Numerous reports of medical examinations relating to McMillin's physical condition on the crucial dates of June 30, 1955, and September 21, 1964, were submitted to the hearing examiner and Appeals Council. Suffice it to say that the reports generally are in agreement that McMillin has arthritis in his spine, knees and elbow. There is conflict, however, as to the effect of the arthritic condition on McMillin's ability to work. One doctor states that "this patient could work if he so desired", while another one concludes that McMillin could not be rehabilitated to gainful manual labor "under any medical treatment."
After reviewing all the evidence — medical and non-medical — including the record of light hauling between 1960 and 1964, and in view of McMillin's education, training and work experience, the hearing examiner concluded, and the Secretary and trial judge apparently agreed, that while "it may very well be that claimant could not return to work in the oil field industry, * * * the evidence does not establish that claimant's ability to walk, bend, stand, stoop and use his arms is so restricted that he cannot continue to work at such moderately light work as driving a small truck, hauling trash, or other routine labor which would not require excessive lifting or carrying." Our review of the evidence of record discloses that there is substantial evidence to support the Secretary's conclusion that McMillin is mentally and physically capable of performing light routine work such as hauling trash. But, equally important is the examiner's concession that claimant was unable to engage in the only gainful occupation he has ever followed — rotary drilling. In these circumstances, it is incumbent upon the Secretary to show that the work the claimant is found to be capable of doing is, in fact, a "substantial gainful activity" within the meaning of the statute, and furthermore, that such activity is reasonably available "within the geographical areas which the claimant would normally be expected to consider if regularly in the labor market." Gardner v. Brian, supra, quoting Gardner v. Smith, 5 Cir., 368 F.2d 77. See also Kirby v. Gardner, 10 Cir., 369 F.2d 302. No evidence whatsoever was presented from which it can be said that these two basic requirements have been met. Indeed, McMillin testified that he attempted light hauling for four years without gain.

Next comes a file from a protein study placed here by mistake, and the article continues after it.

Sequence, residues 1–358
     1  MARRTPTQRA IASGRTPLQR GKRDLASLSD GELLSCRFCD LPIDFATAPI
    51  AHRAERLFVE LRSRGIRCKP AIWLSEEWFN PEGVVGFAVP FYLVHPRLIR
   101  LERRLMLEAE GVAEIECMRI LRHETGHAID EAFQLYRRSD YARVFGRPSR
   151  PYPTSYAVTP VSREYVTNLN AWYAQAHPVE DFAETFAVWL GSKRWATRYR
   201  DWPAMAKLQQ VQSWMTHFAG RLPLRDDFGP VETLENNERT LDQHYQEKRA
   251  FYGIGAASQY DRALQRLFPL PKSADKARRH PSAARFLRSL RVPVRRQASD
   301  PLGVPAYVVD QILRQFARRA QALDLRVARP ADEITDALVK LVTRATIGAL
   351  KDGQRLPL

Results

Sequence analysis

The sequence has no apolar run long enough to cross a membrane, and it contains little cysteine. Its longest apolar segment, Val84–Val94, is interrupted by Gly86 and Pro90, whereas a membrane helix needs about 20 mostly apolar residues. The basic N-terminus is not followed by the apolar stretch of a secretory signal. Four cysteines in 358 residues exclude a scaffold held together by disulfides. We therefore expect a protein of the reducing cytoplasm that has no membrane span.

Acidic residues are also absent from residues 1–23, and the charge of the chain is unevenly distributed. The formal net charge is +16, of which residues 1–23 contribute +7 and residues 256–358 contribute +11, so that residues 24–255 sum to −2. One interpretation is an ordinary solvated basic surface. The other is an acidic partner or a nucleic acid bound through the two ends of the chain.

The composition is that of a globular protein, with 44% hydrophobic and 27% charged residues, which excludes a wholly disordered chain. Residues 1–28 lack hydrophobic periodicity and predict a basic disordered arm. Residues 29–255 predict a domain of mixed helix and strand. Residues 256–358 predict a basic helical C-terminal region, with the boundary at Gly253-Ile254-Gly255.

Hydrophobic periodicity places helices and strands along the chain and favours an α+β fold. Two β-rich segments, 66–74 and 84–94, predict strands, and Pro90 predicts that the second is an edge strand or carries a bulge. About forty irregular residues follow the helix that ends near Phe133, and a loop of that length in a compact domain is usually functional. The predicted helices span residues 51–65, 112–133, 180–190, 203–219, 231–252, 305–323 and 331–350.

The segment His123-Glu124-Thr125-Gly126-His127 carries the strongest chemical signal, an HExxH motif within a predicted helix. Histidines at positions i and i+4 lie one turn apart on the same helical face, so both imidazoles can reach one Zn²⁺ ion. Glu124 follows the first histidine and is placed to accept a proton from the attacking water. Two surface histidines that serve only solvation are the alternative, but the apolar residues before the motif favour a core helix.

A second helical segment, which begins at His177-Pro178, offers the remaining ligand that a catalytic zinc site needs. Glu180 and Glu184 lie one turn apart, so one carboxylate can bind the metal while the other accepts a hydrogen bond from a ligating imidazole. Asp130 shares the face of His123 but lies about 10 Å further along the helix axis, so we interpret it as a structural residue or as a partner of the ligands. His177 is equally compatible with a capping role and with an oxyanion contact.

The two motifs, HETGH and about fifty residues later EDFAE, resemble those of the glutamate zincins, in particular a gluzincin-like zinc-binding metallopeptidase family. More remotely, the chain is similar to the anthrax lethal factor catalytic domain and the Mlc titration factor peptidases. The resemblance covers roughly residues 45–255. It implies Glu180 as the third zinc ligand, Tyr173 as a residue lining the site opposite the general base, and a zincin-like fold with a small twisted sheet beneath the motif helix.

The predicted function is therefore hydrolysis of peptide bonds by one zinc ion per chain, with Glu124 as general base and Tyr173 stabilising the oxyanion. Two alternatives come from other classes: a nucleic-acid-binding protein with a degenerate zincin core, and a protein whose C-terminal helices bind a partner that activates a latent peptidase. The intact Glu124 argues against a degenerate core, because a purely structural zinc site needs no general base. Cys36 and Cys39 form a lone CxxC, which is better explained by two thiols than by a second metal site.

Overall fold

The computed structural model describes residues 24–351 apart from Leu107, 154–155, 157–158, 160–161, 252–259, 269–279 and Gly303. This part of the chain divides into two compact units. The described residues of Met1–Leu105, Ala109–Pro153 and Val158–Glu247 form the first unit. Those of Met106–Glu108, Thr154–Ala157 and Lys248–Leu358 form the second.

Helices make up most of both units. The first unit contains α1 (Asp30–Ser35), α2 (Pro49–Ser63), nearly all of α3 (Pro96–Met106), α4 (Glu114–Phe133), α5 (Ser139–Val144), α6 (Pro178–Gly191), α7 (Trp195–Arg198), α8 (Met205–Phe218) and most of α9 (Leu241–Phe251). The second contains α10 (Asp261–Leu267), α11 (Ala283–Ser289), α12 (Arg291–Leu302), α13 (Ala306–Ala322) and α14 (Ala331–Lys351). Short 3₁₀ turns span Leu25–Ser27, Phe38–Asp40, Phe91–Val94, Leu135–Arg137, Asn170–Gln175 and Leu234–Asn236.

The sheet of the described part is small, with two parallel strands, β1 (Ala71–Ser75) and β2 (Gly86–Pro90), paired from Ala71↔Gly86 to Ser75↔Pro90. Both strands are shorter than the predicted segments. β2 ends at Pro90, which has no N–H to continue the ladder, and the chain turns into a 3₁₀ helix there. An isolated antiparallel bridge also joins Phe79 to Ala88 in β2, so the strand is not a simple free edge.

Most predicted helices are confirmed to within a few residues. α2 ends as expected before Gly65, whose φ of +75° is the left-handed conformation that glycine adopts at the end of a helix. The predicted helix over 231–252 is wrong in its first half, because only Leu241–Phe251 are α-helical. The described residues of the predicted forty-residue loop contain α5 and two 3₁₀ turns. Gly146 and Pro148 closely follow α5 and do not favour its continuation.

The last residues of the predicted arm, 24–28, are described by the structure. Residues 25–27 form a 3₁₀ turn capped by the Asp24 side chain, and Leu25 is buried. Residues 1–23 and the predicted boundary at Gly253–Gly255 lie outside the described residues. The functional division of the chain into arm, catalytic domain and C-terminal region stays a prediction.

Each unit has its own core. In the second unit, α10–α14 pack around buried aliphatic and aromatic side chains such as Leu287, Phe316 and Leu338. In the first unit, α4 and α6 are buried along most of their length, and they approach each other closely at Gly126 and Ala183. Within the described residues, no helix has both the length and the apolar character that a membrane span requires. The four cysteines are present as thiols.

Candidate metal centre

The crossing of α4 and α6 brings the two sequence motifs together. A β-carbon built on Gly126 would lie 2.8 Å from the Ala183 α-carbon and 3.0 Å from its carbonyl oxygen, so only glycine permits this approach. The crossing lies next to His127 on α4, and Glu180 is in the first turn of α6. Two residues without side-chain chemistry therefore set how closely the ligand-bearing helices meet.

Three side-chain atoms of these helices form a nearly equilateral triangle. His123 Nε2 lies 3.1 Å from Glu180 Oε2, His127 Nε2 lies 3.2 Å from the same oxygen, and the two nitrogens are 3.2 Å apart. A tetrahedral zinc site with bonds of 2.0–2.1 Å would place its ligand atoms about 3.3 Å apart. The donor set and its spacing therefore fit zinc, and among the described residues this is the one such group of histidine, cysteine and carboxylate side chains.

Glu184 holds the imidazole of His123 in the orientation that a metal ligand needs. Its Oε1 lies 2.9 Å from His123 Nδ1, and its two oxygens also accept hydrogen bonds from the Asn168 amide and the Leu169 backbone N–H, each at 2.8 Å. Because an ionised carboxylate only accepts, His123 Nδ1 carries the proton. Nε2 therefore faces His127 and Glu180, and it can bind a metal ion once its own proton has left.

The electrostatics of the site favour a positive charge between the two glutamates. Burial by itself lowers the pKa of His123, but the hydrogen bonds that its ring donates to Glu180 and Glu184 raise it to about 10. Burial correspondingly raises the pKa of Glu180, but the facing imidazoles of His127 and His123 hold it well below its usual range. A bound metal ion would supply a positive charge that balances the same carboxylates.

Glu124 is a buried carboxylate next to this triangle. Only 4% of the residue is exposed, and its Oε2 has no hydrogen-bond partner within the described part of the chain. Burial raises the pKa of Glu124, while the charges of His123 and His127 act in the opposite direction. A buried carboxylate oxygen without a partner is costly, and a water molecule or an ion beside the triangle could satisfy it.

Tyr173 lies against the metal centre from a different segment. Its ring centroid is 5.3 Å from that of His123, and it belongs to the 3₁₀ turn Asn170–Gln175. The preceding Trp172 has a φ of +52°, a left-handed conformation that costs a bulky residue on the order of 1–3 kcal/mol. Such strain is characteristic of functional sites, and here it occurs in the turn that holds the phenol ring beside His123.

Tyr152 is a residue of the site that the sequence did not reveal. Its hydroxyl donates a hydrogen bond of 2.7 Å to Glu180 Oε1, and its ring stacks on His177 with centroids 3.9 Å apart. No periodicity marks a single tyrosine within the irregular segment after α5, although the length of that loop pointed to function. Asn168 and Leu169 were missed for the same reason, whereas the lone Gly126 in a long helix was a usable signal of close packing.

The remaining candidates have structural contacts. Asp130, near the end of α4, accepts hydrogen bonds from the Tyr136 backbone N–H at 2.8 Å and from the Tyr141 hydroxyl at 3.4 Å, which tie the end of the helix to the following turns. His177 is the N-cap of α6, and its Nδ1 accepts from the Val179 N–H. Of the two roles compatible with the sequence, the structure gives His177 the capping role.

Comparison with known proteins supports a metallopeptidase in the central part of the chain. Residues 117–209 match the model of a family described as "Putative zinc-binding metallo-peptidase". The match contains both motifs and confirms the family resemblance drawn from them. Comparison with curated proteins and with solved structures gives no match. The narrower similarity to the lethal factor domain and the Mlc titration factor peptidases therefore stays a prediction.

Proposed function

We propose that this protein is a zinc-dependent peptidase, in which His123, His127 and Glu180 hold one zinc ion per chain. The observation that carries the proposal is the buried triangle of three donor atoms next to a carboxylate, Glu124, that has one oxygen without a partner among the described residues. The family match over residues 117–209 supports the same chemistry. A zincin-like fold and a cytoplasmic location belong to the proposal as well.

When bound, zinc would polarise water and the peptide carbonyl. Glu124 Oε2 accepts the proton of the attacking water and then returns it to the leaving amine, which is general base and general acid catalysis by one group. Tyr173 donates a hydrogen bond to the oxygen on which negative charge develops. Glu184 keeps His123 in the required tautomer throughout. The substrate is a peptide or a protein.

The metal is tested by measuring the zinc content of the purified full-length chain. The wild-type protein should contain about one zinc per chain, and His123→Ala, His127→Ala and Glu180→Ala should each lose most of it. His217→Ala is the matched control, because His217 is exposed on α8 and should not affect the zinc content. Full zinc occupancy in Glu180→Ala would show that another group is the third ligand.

The judgment of the trial court is accordingly vacated and the case is remanded with directions to proceed in accordance with the views herein expressed.
Of the United States Court of Appeals for the District of Columbia, sitting by designation
A 1965 amendment removed the requirement of 42 U.S.C. § 423(a) (1) (D) that the disability exist at the time of filing the application
The definition of disability was amended in 1965 to read: " [I]nability to engage in any substantial gainful activity by reason of any medically determinable physical or mental impairment which can be expected to result in death or has lasted or can be expected to last for a continuous period of not less than 12 months"